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7 Sleep Myths Busted
By Jill Levy
August 16, 2020
For a high percentage of adults, getting a good night’s sleep is no easy task. Whether it’s due to a packed schedule, stress, discomfort or other issues, there’s simply some nights when falling and staying asleep can pose a serious challenge.
Everybody has their own tips and tricks when it comes to battling sleep-related issues — such as elaborate bedtime routines, post-dinner snacks, supplements and sleep positions that may be helpful — yet, much sleep advice is based on personal experience and preferences, rather than solid evidence.
Below is the truth about seven commonly held sleep myths, as well as tips for making the most of the time you spend in bed at night:
The Truth: Sticking to a consistent sleep-wake-cycle is considered the best way to get restful sleep and avoid “sleep debt.”
Try This: Aim to head to bed each night around the same time, and ideally to get up at roughly the same time each morning (give or take about 15 minutes or so). This includes on the weekends or when you have the freedom to sleep in. A consistent routine helps to regulate your circadian rhythm (your “internal clock”) and essentially trains your body to know when to feel sleepy so you easily doze off.
While sleeping in a little longer than usual now and then can help you feel more rested, it’s not a good strategy for coping with ongoing “sleep debt,” since what your body really needs is adequate sleep on a regular basis.
The Truth: If you have to rely on an alarm clock every morning to startle you out of sleep, chances are you’re not getting enough rest or going to sleep early enough.
Try This: Experiment with going to sleep 30 to 60 minutes earlier to see if it helps. Pushing your bedtime up in 15-minute increments may be the best way to go about this.
If you find that it’s hard to wake up at a decent time on your own because you’re struggling to fall or stay asleep, consider talking with a specialist or your healthcare professional. You may be dealing with something else.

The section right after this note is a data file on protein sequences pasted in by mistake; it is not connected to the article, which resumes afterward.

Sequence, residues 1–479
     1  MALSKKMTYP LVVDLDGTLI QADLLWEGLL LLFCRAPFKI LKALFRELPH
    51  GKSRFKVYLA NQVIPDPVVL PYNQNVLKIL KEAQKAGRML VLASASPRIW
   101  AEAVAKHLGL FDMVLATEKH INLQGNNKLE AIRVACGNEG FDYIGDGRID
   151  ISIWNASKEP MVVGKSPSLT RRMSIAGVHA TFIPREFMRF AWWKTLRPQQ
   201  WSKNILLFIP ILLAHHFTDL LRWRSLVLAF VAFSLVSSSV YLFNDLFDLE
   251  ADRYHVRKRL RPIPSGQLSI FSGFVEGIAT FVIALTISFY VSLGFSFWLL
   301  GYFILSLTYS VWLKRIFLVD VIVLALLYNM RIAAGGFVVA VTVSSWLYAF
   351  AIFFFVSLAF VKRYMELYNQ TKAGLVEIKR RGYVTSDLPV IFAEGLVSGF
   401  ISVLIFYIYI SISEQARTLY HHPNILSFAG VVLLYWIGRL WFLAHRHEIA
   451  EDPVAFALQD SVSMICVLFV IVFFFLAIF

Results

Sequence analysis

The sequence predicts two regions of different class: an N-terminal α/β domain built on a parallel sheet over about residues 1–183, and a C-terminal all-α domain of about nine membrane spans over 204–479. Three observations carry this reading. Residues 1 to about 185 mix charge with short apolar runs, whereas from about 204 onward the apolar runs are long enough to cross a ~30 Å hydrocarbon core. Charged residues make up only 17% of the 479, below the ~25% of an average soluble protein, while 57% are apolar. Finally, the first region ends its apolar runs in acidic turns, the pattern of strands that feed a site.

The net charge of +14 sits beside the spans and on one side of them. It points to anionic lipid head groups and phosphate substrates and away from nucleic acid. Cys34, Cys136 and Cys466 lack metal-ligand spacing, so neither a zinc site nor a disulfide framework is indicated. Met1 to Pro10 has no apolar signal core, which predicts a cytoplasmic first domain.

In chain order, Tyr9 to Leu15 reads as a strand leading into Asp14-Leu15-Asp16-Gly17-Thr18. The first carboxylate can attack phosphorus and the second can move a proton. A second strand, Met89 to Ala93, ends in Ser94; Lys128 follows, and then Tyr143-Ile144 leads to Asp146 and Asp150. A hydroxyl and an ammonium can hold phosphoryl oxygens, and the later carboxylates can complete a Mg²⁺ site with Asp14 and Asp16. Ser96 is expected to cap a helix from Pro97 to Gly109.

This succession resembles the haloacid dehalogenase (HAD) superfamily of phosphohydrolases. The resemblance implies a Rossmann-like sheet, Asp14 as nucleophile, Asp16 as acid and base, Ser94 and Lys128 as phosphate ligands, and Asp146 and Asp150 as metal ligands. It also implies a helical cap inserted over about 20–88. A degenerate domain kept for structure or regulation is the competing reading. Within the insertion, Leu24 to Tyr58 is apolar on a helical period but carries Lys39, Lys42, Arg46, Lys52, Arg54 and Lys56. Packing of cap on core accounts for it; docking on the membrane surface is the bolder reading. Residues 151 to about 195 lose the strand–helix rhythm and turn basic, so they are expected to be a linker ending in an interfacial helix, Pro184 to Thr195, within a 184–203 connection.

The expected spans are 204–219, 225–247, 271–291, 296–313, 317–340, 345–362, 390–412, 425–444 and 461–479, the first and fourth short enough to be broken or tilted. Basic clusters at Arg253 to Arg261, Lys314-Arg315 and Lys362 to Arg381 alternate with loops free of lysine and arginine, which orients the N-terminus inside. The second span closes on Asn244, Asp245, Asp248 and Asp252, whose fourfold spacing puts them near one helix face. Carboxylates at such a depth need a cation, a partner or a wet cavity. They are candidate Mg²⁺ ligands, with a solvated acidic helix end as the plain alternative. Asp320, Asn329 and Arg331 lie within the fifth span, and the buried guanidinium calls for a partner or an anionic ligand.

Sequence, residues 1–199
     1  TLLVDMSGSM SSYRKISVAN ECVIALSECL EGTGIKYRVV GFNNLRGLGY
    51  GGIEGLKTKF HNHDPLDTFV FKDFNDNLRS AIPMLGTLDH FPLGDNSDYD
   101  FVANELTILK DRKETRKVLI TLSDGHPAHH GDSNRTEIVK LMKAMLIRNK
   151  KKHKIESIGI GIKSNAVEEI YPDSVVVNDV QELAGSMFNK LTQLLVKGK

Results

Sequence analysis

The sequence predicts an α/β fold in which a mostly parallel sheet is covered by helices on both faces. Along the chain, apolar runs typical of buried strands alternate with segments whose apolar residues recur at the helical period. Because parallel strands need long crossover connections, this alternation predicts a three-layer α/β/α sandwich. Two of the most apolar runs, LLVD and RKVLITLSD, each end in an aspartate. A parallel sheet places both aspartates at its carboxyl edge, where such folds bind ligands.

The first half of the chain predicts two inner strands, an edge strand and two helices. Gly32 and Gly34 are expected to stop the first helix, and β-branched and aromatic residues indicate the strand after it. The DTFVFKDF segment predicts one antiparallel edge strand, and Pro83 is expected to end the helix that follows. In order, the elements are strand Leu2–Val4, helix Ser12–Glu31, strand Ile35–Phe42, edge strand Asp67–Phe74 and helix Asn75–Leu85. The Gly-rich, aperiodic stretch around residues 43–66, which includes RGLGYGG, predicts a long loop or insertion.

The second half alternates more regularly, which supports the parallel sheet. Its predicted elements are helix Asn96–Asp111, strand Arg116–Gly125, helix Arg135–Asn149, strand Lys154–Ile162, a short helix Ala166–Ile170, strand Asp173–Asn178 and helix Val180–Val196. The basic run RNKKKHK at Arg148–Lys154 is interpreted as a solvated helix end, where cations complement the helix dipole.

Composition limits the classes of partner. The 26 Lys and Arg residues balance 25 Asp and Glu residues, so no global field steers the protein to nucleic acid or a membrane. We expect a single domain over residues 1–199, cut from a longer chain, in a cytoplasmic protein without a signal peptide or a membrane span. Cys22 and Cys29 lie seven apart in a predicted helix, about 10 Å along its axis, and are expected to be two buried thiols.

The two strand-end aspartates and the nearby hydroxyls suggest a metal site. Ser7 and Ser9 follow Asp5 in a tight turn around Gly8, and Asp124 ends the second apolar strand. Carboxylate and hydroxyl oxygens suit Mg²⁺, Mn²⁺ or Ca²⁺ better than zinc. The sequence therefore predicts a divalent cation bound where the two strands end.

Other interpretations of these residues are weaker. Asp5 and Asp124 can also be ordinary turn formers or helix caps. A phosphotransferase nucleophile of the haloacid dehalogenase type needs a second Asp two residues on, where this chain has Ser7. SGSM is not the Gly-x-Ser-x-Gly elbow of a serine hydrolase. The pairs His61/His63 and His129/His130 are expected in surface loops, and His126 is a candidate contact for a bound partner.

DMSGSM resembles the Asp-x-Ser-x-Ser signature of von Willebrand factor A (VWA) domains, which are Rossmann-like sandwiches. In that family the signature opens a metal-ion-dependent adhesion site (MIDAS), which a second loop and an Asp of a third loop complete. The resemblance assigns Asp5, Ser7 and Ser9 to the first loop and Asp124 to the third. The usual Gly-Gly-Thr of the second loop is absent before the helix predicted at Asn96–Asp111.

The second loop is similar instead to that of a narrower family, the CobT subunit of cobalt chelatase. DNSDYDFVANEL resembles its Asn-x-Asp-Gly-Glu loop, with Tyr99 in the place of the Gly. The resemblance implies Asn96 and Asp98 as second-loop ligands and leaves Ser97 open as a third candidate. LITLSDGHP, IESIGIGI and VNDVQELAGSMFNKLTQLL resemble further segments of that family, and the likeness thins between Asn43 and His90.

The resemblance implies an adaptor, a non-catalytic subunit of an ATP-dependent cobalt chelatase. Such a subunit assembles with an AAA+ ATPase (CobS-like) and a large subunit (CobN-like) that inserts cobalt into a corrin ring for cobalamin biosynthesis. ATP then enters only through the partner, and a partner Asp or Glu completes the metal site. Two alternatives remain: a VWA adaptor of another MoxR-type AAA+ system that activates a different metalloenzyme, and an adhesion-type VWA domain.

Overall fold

The Truth: The way that meal timing affects sleep varies from person to person. Some sleep best if they avoid eating during the three or four hours prior to going to sleep, such as if digestion is a concern, while others do best with a bedtime snack that perhaps includes some complex carbs and protein.
Try This: Experiment with different meal schedules at night to see what works for you best. For example, eat an early dinner (preferably one that doesn’t include agitating foods that are too spicy, sugary or acidic) and avoid snacking afterwards, then monitor how well you sleep.
Next, try having a lighter dinner — with foods that help you sleep — and a small, health-focused snack closer to bedtime, such as sprouted toast with nut butter, a small collagen protein smoothie, or some “moon milk” (made with spices like turmeric, and often adaptogen herbs such as ashwagandha that can help provide restful sleep support while alleviating the effects of stress and tension).
You may also want to try keeping a food journal so you can track your results.
The Truth: This also depends on the person. It’s generally thought that exercising within about two hours of going to bed may make it harder for some people to feel sleepy; however, some find exercising and stretching afterwards, perhaps followed by a warm shower, to be overall relaxing.
Try This: Just like with meal timing, experiment with exercising at different times of day (and at different intensities) to see what suits you best. If you do exercise close to bedtime, consider keeping it moderate-intensity and then winding down afterwards by showering, relaxing in a dim room, and doing anything else that makes you feel calm.
The Truth: Most adults need between seven to nine hours of sleep each night to receive optimal health benefits; however, the amount may change a bit from day to day and also throughout the year.
Try This: Carve out between 7 and 9 hours per night to sleep, depending on your specific needs and also the time of the year. For example, you may need more during darker months of the year, when you’re more active or have more stress.
The Truth: When you’re laying in bed unable to fall asleep, it might actually be more helpful to get out of bed and go into another dark room. This can keep you from feeling anxious about your inability to sleep, and help take your mind off of whatever’s keeping you up.
Try This: Experts recommend sitting in another room for about 15 to 20 minutes while doing something soothing, such as meditating or reading, until you feel sleepy again.
The Truth: We actually get the majority of blue light exposure from the sun, which can be beneficial during the day time for regulating our circadian rhythms (not to mention for vitamin D synthesis). However, blue light exposure at night from electronics too close to bedtime can have the opposite effect.
Try This: Avoid blue light from your television, phone, tablet, computer, etc. during the two hours leading up to bedtime. If you can’t do this, at least use a filter on your devices in order to cut down blue light emissions or wear blue light blocking glasses.
Rather than surfing the web or watching TV in bed, establish a healthy sleep routine that helps you better unwind, such as reading a book, stretching, journaling or taking a warm bath.